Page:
A longer session at Aylmer Avenue from before 4am until late afternoon, and including C.E.S. session number 5, had mixed results. The C.E.S. was a misery and produced just 2 new Chiffchaffs, a retrap Dunnock originally ringed in 2007!, and a retrap Whitethroat. Perhaps the sun was too bright and the breeze too strong, so making the nets too visible to the birds?
  Other, more shaded, nets at Aylmer Avenue, though, were more successful, and provided 28 new birds and 20 retraps. The majority of these birds, especially the new ones, came from the feeding station and included 13 new Greenfinches, 8 Chaffinches and 2 Goldfinches - all fresh out of nests and very juvenile. Also caught at the feeding station was a very juvenile Great Spotted Woodpecker with its Dad in the next net along. There was also a new juvenile Song Thrush, whilst the retraps included nearly a whole brood of Great Tits along with one of their parents ringed in a box at Sykes Farm some two weeks ago.
  Many hours were spent both yesterday and today brush-cutting and raking up the grass in the net rides, so keeping them in tip top shape condition ready for the inevitable increase in numbers of birds that will soon start. Autumn is just around the corner with the first migrants starting to move during July. The "Autumn Rush" is not far away!

Male Ruff on Tennyson Sands, 16th June 2013.
Photo - Nigel Lound
Very juvenile Great Spotted Woodpecker ringed on 16th June 2013.
Photo - Mick Briggs
Juvenile Whitethroat, ringed on 16th June 2013.
Photo - George Gregory

June 15th: Increasing southerly wind, damp start. A Golden Oriole was seen flying over East Dunes. On Tennyson Sands were a Little Gull, 2 second-year Mediterranean Gulls, an adult Sandwich Tern, a Ruff and a second-year Kittiwake, and on Jackson's Marsh a Spotted Redshank and a Black-tailed Godwit. Around was a Marsh Harrier. About 200 Swifts went south.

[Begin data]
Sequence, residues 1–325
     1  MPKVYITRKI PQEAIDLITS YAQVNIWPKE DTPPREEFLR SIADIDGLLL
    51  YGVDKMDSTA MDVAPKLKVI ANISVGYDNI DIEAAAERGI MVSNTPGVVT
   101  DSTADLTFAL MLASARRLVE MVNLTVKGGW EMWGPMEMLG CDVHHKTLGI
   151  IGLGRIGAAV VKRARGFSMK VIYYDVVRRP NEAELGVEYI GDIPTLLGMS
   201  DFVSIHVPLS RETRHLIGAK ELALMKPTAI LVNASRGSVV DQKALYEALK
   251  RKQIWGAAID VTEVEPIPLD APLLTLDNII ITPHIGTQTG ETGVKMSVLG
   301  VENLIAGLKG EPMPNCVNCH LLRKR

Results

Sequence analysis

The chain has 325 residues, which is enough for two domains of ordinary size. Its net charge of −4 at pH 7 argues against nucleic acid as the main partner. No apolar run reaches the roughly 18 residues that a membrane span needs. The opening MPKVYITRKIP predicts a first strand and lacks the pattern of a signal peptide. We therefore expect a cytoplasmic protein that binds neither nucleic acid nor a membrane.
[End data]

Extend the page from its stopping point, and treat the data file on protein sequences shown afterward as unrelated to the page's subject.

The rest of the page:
A number of newly-emerged juveniles were trapped on a restricted morning ringing session in East Dunes, namely 3 Lesser Whitethroats, a Dunnock and a Stock Dove. The retraps were single adults each of Whitethroat, Dunnock and Blue Tit. A Privet Hawkmoth was found on the Observatory compound gate.

Juvenile Lesser Whitethroat, ringed on 15th June 2013.
Photo - George Gregory

Juvenile Stock Dove, ringed on 15th June 2013.
Photo - George Gregory

Privet Hawkmoth, 15th June 2015.
Photo - George Gregory

June 14th: Fairly strong southerly wind, damp start. About 100 Swifts flew south. Around were a Hobby, 2 Common Buzzards and a Jay. On Jackson's Marsh was a Green Sandpiper, and on Tennyson Sands the second-year Kittiwake remained.
 A morning ringing session in East Dunes produced just a new adult Reed Warbler, 2 new juvenile Dunnocks, and a retrap Whitethroat.

June 13th: Strong southerly wind, afternoon rain. Heading south were 2000 Swifts and a Hobby, and southwest a Red Kite. On Tennyson Sands were a second-year Mediterranean Gull and a second-year Kittiwake, and on Jackson's Marsh 15 Lapwings. Around were 2 adult Mediterranean Gulls.
 The weather again prevented any ringing.

June 12th: Fairly strong southerly wind, damp start, evening rain. Flying south were 1647 Swifts, 154 Swallows, 112 House Martins and a Hobby. Offshore were an Arctic Tern and 2 Common Terns. On Tennyson Sands were 2 adult Mediterranean Gulls, and on Jackson's Marsh 2 Lapwings.
 No ringing was attempted.

June 11th: The wind shifted to the southeast and became light. South went 260 Swifts and 2 Lapwings. On Tennyson Sands were a second-year Little Gull, 2 Sandwich Terns, a Knot, a Kittiwake and 2 Barnacle Geese, and on Jackson's Marsh a Black-tailed Godwit.
  A morning ringing session in East Dunes produced 2 new birds: a female Cuckoo and a juvenile Dunnock, and also a retrap Dunnock.
  The Cuckoo showed two generations of feathers in the secondaries, and had a small, wrinkled brood patch, about 2.5cm x 2cm. This must be a vestigial structure, since female Cuckoos do not brood, of course.
Female Cuckoo showing two generations of feathers in the secondaries, ringed on 11th June 2013.
Photo - George Gregory.